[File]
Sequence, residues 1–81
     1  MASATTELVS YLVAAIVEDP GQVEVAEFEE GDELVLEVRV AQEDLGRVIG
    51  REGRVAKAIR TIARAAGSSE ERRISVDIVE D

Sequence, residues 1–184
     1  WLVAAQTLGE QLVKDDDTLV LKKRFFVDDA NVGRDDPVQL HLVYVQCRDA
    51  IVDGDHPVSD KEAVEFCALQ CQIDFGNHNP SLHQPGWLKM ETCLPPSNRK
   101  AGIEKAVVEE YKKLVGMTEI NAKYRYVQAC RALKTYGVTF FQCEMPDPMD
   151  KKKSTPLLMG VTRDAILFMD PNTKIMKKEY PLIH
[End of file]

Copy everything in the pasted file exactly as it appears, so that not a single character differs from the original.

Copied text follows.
Sequence, residues 1–81
     1  MASATTELVS YLVAAIVEDP GQVEVAEFEE GDELVLEVRV AQEDLGRVIG
    51  REGRVAKAIR TIARAAGSSE ERRISVDIVE D

Sequence, residues 1–184
     1  WLVAAQTLGE QLVKDDDTLV LKKRFFVDDA NVGRDDPVQL HLVYVQCRDA
    51  IVDGDHPVSD KEAVEFCALQ CQIDFGNHNP SLHQPGWLKM ETCLPPSNRK
   101  AGIEKAVVEE YKKLVGMTEI NAKYRYVQAC RALKTYGVTF FQCEMPDPMD
   151  KKKSTPLLMG VTRDAILFMD PNTKIMKKEY PLIH